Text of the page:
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Keeping It Tidy

You need to keep your production files somewhere, and if you're working alone, it's all right to keep them within your local copy of the site. If you're working on a team, you might want to find a place that all team members can use, such as a shared network drive. That way, they can do what they need to do and keep the site consistent. It also ensures that the live server doesn't become cluttered in the process. Regardless, whether you're using your local copy of the site or a shared drive, the following points can help you continue good file management after initially implementing it:

  • Create a system for naming your files before you start building the site. This applies whether you're working alone or with a team. If you're working as a team, make sure everyone on the team understands the naming conventions and uses them correctly. Create a document explaining the site structure and naming conventions and make sure that everyone has access to it. This document of standards helps everyone understand how to work on the site without creating a mess.

  • Write down maintenance procedures as you create them. Attempting to figure out how you need to update something is frustrating, even for seasoned Web professionals. The task of producing consistent results becomes much more difficult when you make your teammates guess how they should do things. The techniques of keeping documents and notes aren't only for large, complex sites with lots of people working on them. It can save you, the one‐man band, when you need to get some work done on a site that you haven't worked on in a while.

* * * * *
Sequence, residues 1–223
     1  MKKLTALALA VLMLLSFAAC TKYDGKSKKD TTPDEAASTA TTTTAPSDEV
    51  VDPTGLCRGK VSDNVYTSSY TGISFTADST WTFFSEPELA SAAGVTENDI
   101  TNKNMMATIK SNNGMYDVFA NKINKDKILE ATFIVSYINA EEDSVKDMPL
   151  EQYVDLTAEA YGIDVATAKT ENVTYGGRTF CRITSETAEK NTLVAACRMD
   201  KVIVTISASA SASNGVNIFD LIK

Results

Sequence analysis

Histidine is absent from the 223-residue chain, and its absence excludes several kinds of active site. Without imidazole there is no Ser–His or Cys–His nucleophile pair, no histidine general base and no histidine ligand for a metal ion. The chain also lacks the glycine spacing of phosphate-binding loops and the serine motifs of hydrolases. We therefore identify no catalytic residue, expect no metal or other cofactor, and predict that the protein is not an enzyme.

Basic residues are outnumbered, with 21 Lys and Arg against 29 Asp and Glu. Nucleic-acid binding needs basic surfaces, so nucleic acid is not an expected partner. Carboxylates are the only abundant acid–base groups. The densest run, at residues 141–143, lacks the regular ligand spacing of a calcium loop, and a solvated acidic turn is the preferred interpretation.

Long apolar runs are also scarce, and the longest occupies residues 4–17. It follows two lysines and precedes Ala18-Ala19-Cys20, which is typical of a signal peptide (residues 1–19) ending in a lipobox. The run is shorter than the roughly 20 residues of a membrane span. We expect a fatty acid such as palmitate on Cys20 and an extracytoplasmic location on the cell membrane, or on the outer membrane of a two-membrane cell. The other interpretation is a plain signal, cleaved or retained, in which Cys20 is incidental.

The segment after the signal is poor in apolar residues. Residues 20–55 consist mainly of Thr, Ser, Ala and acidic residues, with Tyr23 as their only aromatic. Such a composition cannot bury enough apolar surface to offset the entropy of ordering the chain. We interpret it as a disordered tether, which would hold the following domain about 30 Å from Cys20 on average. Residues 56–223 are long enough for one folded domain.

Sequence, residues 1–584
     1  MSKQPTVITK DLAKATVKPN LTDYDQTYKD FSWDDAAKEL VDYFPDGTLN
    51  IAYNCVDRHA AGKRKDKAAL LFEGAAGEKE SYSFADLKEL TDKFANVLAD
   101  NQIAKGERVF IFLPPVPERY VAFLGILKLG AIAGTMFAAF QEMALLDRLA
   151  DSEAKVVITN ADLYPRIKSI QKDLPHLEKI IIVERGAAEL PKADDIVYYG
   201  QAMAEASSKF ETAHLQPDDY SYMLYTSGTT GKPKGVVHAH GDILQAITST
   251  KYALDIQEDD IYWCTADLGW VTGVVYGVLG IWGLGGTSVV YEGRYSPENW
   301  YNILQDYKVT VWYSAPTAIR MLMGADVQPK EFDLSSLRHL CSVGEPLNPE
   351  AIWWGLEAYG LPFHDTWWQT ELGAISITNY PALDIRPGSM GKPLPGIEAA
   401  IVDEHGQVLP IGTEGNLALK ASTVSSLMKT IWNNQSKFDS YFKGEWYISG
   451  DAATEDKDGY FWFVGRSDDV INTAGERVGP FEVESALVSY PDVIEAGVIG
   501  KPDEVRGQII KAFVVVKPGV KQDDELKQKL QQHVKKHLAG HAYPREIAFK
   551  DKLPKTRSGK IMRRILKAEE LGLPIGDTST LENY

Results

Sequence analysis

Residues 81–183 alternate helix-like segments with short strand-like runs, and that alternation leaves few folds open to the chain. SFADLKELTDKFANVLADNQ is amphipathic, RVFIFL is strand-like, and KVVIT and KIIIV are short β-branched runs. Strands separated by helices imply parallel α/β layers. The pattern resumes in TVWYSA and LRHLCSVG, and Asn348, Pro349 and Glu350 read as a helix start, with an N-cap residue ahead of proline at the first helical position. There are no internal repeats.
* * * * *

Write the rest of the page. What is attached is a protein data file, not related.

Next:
• Don't waste precious hosting space on production files. Production files tend to be very large, so they take up a lot of space. Also, Web staff can access anything on your Web server. Files can become inadvertently available to people you don't want having your files, and that can result in unwanted changes (or worse). The best rule is to not post files unless they need to be there.

  • Archive obsolete files. If you're no longer using a graphic on the live site (the published version of the site), remove it from the Web server. It's all right to create an archive on your local or shared network drive, but remove it from the live server. This is especially important for large, complex sites and sites that have multiple people working on them. Make sure that each member of the team knows that she is responsible for archiving the files that she makes obsolete. This is also true for whole sections of the site. If you intend to remove a file (or more) from the site, remove it fully from the server. Make a backup of it so you can recover it if you need to.

  • Create a flexible file structure that can handle your site now and into the future. Most likely, you'll want to add to your site at some point. Make sure you structure your site in a way that makes that easy. Consider how much of a particular type of content you intend to have. If you think you'll have a lot of multimedia elements, put them in a folder together. Start off with subcategories within that folder. It might look and sound strange when you initially launch your site to have a folder with other folders in it for only a few multimedia files, but when you start adding files, you'll see a great benefit in having planned ahead.


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